Those involved in a wrestling bout are limited to weapons of small size after the first round of combat. It's very difficult to use a sword against someone who is twisting your sword arm or clinging to your back, trying to break your neck. For this reason, nearly all characters will want to carry a dagger or a knife.

Non-Lethal Weapon Attacks: It is possible to make an armed attack without causing serious damage—striking with the flat of the blade, for example. This is not as easy as it sounds, however.

First, the character must be using a weapon that enables him to control the damage he inflicts. This is impossible with an arrow or sling. It isn't even feasible with a war hammer or mace. It can be done with swords and axes, as long as the blade can be turned so it doesn't cut.

Second, the character has a -4 penalty to his attack roll, since handling a weapon in this way is clumsier than usual. The damage from such an attack is 50% normal; one-half of this damage is temporary, lasting one turn after the fight is over and causing unconsciousness (never death) if the character drops below zero hit points.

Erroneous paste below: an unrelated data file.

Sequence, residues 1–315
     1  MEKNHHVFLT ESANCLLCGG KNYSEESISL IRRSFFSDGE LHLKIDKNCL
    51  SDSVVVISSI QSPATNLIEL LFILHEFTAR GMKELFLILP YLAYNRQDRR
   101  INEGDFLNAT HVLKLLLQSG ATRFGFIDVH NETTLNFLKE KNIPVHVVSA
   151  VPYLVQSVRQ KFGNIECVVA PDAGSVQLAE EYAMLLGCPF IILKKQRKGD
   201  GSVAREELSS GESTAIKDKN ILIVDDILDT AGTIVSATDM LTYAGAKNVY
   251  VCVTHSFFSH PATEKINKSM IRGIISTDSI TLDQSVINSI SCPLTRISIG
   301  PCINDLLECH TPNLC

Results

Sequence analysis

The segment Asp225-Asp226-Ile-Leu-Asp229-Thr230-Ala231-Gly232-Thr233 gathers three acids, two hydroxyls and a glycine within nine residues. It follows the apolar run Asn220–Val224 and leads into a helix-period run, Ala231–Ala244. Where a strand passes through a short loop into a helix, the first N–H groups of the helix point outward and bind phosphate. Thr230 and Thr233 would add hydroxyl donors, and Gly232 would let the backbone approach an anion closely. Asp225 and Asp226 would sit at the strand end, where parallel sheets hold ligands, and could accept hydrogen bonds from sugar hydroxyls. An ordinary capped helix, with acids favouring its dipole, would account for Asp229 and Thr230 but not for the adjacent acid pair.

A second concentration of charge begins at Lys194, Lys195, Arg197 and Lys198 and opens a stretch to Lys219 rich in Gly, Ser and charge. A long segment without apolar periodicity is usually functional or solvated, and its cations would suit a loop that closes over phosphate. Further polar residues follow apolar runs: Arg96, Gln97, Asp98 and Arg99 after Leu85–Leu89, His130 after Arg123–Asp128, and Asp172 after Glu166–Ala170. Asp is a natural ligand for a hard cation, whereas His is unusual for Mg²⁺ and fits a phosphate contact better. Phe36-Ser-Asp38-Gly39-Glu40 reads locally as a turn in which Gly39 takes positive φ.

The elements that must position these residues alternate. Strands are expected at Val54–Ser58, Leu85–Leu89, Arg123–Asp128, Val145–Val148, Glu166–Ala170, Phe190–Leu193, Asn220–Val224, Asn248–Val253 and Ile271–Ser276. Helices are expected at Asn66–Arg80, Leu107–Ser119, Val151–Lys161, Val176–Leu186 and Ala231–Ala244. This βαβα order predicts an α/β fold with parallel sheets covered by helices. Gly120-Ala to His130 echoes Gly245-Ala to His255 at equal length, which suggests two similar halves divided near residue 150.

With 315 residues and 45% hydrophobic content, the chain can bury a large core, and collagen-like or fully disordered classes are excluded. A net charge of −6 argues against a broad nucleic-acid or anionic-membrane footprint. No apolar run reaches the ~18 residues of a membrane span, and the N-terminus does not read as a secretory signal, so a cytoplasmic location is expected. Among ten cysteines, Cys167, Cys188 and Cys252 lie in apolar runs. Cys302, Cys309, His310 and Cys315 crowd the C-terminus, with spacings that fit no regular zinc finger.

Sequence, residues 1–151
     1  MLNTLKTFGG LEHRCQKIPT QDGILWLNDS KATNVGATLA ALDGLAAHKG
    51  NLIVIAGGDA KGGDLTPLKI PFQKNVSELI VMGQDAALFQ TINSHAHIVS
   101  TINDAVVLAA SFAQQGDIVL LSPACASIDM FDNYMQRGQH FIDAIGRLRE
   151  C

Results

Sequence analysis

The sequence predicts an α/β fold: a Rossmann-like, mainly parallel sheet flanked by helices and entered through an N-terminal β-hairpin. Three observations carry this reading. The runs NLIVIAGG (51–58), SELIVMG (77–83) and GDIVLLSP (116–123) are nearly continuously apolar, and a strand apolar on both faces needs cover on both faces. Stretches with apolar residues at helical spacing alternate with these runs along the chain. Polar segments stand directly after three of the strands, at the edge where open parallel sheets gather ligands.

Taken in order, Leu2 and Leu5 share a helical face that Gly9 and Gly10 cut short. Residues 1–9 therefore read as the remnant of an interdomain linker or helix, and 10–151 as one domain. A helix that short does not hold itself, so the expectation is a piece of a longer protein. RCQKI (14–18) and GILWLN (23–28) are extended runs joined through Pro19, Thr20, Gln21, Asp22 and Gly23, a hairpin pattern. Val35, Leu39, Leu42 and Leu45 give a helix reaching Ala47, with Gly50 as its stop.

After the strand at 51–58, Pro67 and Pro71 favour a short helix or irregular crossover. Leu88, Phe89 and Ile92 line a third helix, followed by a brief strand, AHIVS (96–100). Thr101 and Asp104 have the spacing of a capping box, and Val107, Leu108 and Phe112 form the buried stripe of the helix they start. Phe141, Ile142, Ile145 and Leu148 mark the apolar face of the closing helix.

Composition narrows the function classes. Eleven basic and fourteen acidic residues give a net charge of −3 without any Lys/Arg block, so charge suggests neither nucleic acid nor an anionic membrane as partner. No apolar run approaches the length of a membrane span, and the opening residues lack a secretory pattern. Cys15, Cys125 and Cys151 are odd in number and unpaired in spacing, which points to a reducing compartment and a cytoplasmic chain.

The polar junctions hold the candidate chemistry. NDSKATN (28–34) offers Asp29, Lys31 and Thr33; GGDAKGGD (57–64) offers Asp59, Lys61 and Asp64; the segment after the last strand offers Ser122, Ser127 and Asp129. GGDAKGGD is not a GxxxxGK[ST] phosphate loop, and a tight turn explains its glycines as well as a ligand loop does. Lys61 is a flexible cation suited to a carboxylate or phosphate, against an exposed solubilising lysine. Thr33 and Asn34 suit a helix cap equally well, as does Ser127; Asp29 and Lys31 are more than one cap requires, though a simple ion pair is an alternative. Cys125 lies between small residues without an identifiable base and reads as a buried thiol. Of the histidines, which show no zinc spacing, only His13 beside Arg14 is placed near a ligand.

Non-Lethal Combat and Creatures

When dealing with non-humanoid opponents, a number of factors must be considered. First, unintelligent creatures, as a rule, never try to grapple, punch, or pull down an opponent. They cheerfully settle for tearing him apart, limb by limb. This, to their small and animalistic minds, is a better solution.

Second, the natural weapons of a creature are always usable. Unlike men with swords, a lion or a carnivorous ape doesn't lose the use of its teeth and fangs just because a character is very close to it.

Finally, and of greatest importance, creatures tend to be better natural fighters than humans. All attacks for a tiger are the same as punching or wrestling. It's just that the tiger has claws. Furthermore, a tiger can use all of its legs effectively.